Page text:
Washington's journey to the new capital in April 1789 was physically arduous, but it was a triumphal procession then unparalleled in the country's history. At major coach stops along his route, he was hailed in a manner befitting a Roman Emperor or a European King—bells were rung, guns fired, countless congratulatory speeches made, odes recited, and parades and public banquets held. As he sailed across New York Bay on the last leg of his journey, he was accompanied by a sloop crowded with choristers who sang odes—one of them set to the tune of "God Save the King"—in his honor. When he reached the Battery, the cheers of a dense crowd and the peals of church bells competed with the thunder of thirteen-gun salutes from ship and shore batteries.
Such adulation suggests a major difficulty in objectively assessing the accomplishments and shortcomings of the first president. Since his retirement in 1783 as commander in chief of the Continental army, he had been hailed as "Father of His Country," heralded as an American Atlas or Fabius, and honored as the Cincinnatus of his nation's successful revolution. The most famous American of his day, at home and internationally, he was already a legendary figure and, as such, virtually immune from the critical or partisan barbs and shafts hurled at many of his presidential successors. He is still remembered primarily as the hero of the Revolution, the military leader most responsible for establishing on the field of battle a new and ultimately powerful nation. Even now, as for almost two centuries, his presidential stewardship is considered a addition to his renowned generalship.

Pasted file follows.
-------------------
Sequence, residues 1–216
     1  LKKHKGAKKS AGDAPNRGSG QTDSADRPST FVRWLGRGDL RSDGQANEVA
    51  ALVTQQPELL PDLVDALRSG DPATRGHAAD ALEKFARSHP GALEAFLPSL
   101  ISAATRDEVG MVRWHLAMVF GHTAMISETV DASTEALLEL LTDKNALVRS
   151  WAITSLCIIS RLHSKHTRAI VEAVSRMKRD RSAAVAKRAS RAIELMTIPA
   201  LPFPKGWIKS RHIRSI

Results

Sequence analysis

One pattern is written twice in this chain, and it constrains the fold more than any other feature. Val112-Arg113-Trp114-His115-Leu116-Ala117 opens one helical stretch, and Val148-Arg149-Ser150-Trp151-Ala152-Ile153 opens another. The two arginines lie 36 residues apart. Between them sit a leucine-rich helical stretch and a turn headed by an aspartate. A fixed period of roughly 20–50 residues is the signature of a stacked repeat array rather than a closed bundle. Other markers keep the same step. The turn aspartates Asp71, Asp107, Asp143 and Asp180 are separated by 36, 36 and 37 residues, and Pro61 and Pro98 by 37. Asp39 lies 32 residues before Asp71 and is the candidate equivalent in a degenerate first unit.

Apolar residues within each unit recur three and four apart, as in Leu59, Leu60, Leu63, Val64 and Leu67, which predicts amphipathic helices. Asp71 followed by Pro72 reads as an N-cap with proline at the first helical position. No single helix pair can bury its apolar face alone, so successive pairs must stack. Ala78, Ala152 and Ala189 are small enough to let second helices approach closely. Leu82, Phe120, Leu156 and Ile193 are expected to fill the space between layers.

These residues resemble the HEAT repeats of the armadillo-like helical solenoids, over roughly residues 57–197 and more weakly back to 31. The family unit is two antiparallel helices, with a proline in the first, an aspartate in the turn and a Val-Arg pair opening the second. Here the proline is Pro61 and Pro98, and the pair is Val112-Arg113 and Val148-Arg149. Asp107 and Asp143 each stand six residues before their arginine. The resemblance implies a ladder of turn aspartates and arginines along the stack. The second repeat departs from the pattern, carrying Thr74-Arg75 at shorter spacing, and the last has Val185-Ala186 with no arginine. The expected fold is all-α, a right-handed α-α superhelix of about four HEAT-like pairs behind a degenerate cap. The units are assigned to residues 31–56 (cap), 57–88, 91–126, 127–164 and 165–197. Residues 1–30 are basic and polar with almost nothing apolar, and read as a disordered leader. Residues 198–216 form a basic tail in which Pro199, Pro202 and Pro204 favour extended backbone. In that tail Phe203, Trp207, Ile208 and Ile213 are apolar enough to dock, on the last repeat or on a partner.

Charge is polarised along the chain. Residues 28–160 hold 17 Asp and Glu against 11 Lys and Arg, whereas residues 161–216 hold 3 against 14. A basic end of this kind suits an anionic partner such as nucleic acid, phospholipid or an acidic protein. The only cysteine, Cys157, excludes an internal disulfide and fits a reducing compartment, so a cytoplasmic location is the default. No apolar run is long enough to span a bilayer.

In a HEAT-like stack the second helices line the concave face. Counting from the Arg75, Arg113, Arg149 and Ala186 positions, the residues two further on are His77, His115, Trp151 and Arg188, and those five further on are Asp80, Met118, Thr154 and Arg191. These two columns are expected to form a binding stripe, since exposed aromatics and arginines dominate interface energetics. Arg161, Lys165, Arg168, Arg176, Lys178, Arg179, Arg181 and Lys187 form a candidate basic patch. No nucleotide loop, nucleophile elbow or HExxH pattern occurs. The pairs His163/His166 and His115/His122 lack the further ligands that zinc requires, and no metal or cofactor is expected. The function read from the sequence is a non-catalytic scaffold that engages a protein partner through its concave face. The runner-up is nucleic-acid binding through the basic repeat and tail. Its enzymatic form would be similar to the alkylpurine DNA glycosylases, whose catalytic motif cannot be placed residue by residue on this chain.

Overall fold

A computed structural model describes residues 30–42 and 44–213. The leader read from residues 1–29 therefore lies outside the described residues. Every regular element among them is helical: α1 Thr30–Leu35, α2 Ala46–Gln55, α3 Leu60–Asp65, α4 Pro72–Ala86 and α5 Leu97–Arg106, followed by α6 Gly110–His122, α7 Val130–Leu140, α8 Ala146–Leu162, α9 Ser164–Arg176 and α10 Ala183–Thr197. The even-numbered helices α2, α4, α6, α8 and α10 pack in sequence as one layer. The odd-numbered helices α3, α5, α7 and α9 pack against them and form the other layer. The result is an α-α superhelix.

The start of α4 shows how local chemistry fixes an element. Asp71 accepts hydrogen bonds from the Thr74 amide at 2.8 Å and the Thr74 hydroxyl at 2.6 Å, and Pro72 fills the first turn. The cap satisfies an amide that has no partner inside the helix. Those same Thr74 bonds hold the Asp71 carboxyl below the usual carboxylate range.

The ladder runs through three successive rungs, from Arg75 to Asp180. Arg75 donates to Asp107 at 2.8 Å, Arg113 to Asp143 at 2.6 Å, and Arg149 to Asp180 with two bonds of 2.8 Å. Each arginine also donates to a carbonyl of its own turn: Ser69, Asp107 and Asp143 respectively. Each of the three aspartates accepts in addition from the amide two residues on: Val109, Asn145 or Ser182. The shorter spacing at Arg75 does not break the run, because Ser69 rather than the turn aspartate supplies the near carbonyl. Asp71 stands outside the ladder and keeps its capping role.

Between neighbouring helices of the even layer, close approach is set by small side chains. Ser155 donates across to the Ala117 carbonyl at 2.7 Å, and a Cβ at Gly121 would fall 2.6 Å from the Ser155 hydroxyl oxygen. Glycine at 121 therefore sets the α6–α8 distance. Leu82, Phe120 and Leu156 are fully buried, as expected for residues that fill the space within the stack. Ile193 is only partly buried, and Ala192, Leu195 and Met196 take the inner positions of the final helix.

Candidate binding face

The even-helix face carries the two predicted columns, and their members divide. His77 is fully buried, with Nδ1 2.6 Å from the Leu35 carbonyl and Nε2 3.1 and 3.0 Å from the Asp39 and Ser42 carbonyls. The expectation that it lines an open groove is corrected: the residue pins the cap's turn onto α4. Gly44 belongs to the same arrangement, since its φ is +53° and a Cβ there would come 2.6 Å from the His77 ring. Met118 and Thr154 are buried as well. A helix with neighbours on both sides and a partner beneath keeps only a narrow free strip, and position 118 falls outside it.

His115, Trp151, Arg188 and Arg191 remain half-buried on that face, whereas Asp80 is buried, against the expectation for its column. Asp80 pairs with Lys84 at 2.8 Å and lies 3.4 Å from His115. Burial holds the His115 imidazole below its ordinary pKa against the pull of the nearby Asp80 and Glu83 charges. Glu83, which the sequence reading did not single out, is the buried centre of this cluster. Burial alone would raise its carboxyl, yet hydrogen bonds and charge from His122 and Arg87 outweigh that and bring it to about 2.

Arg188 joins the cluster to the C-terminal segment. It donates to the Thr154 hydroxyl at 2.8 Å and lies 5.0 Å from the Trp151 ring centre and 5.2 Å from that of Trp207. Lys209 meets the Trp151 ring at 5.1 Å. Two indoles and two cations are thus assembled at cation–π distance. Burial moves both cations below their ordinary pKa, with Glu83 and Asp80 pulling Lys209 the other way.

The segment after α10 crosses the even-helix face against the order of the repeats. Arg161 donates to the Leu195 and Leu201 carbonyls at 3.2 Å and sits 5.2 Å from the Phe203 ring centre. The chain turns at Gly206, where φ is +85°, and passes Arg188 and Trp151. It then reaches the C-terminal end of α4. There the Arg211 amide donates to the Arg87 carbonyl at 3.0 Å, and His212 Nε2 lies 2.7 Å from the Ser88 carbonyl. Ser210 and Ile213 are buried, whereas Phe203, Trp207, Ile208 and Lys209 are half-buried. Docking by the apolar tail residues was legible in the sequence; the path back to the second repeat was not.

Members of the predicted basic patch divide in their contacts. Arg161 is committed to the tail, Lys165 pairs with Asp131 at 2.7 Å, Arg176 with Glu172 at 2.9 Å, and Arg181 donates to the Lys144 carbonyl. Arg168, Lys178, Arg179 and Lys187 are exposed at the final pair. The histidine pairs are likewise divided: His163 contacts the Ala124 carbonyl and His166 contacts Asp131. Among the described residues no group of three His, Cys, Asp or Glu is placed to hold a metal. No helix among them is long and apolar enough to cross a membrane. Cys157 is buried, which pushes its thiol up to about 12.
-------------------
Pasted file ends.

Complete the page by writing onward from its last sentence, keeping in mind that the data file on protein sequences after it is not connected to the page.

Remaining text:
July 2, 2014

War of Spartacus

This is the real story of the Roman slave Spartacus, a biography of his life and history. There is little documented about Spartacus prior to his fame in leading a small band of gladiators and enlisting slaves to rebel against the authority of Rome. Known information has been put together to form a Timeline of Spartacus the leader of the slave uprising against the Roman Republic known as the Third Servile War and is also referred to as The War of Spartacus.
Background History to Spartacus - The Servile Wars (Slave Uprisings)